The story itself isn’t bad either, although very little happens in this first collection.  Due to the nature of the story the first volume is almost entirely given over to introductory material, and there’s a lot of it to get through.  Besides all the characters (many of whom have to be established as having psychic powers or advanced engineering skills) there’s a fairly complex world to introduce.  To paraphrase the series blurb, the book is about what happens 6 years after the world ended.  Ellis does all this work almost seemlessly, but the book does end feeling like the story is just getting under way.  Fortunately if you’re impatient for volume 2, there is the webcomic.

Review: Aetheric Mechanics

October 29, 2008

Aetheric Mechanics is the latest book to come out of Warren Ellis’ Apparat line.  The Apparat books are Ellis’ latest attempt to address his now famous line regarding the dominance of the superhero genre in comics “it’s like every bookstore in the planet having ninety percent of its shelves filled by nurse novels.”  The main conceipt of these books is that they are written as if a different genre grew to dominate the field and had been given the chance to evolve properly over the last 50 or so years.

This time out it’s a Sherlock Holmes mystery with some touches of Sax Rohmer thrown in.  It’s a clever story in which the master detective is forced to confront his own place in the world, and Ellis does a masterful job of updating the genre.  And it’s amazing how detailed a world Ellis can create in a story that’s only 48 pages long, although much of that credit must go to the art team of Gianluca Pagliarani and Chris Dreier.  I particularly like the sense of history apparent in all the military vehicals in the story, you can clearly see that all the modern technological marvels of the story are refitted relics underneath.

This isn’t quite up there with the last Apparat book (the brilliant Crecy), but it still does a great job of progressing the line and is highly recommended.

RA: Politics for Geeks

September 13, 2008

I’ve been aching to put together some recomendation lists for awhile now, and as it’s an election year I figured this would be a good one to start of with.  So my top 10 political stories for geeks:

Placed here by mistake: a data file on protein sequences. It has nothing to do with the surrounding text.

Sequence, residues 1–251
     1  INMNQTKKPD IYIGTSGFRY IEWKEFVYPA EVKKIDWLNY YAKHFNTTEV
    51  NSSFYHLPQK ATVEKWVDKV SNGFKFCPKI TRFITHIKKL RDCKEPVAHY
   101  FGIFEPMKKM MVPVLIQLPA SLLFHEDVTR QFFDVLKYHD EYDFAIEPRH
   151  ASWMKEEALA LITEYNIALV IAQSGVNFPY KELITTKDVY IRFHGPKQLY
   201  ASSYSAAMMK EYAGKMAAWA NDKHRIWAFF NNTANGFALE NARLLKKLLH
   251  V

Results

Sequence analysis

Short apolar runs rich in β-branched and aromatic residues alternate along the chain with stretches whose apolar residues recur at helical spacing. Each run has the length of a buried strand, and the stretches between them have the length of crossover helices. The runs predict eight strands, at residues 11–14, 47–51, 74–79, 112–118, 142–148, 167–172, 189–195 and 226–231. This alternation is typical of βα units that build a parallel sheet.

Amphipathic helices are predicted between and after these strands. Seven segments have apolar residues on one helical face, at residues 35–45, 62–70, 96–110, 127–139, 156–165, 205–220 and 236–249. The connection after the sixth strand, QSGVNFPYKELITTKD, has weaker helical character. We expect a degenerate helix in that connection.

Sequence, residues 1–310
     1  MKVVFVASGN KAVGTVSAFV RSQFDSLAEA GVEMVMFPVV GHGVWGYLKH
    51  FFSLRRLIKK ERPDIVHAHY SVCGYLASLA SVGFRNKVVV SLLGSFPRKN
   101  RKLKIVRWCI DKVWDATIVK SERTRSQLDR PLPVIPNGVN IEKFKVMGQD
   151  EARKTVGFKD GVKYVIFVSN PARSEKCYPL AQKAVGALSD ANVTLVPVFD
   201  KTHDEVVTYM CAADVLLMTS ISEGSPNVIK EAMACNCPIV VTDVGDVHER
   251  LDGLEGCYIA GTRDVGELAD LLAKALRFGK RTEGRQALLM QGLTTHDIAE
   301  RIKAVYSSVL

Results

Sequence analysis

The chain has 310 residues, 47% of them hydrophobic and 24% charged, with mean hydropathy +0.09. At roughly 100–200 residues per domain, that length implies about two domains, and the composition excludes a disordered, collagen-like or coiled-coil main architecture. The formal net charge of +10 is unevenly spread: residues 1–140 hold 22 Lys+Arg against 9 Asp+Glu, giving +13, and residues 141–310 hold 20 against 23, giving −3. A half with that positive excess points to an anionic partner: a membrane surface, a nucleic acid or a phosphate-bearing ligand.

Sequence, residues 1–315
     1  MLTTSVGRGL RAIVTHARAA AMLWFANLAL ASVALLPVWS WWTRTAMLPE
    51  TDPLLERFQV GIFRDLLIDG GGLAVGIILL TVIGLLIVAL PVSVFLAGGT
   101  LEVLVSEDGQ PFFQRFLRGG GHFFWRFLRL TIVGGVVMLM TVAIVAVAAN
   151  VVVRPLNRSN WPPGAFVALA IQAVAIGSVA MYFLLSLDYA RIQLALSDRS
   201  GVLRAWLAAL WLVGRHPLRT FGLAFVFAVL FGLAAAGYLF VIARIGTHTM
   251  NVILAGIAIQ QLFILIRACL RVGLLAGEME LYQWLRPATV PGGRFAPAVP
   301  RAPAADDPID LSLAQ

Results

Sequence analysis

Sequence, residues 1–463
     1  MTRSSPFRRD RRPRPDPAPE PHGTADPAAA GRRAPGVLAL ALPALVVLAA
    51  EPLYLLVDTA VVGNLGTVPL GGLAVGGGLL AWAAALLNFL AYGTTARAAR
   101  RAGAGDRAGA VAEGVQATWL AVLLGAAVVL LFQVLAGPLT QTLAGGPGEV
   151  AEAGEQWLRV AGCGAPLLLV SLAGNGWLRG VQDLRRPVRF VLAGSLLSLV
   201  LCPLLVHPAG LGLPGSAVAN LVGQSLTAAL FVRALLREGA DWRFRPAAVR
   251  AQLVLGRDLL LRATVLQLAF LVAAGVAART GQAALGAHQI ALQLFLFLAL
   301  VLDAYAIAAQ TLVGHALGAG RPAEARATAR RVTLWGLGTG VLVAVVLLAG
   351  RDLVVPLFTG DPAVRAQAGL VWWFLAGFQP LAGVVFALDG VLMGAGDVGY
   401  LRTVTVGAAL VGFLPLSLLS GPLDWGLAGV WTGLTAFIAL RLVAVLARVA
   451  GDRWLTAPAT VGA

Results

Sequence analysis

10) Iron Council, the most political novel from New Weird proponent and former Socialist party candidate China Mieville.

9) Sam & Max: Abe Lincoln Must Die, Telltale games has done an amazing job by bring back Sam & Max to adventure games.  This episode is the highlight of it to date, thanks in large part to seeing the homicidal rabbit-like Max debate the Lincoln Memorial.  Right now it’s also available as a free trial to advertise the other 9 episodes.

8 ) Howard the Duck, the best satire of life in the 70’s comics ever produced.  Of particular note here are issues 7-9 in which Howard is nominated as the Presidential candidate for the All Night Party, only to lose when some lurid photographs of him get released.

7) V for Vendetta, forget Watchmen, V is Alan Moore’s masterpiece.  A searing blast of anarchy aimed squarely at Margaret Thatcher that didn’t lose any of it’s power when translated into a movie focused on Bush’s America instead.  Both the movie and the original are well worth checking out.

6) DMZ, Brian Wood’s chronicle of the second U.S. civil war (centered in New York City) is Vertigo’s best book (once 100 Bullets ends in a few months) and is by far the most relevant comic currently on the stands.

5) Futurama: A Head In the Polls, always a show with a slight politicla bent to it (Al Gore’s daughter was one of the writers after all), Futurama went all it for this episode in which the Planet Express team explore a political convention, watch the debates between Jack Johnson and John Jackson, and ultimately allow for the second coming of Richard Nixon.  One of my favorite episodes if only for the Hypnotoad.

4) Wag the Dog, Barry Levinson and David Mamet’s brilliant tale of a staged war used to distract the public from a scandal involving the incumbant President.  Some great performances from Dustin Hoffman, Robert DeNiro and William H. Macy help to sell my favorite political film.

3) The Onion, still the best source for print satire of current events.

2) Battlestar Galactica, a continually surprising, Peabody Award winning space opera, that has proven to be the most relevant show on tv.  The writers excel at playing devil’s advicates.  Positing a world in which the heroes have no choice but to rig elections, commit terrorist bombings, hold secret military tribunals and criminalize abortions (they have gone on the record as actually being fairly liberal).  Now if it’ll just come back to wrap up the final season.

1) Transmetropolitan, the book that first put Warren Ellis and Darick Robertson on the map.  An epic chronicling how the press brings about the rise and fall of a President.  Besides the politics it is also one of the great works of futurism and a scathing attack on the failures of the press.  I’ve reread the entire thing at least half a dozen times now and I fully plan on doing so again in the near future.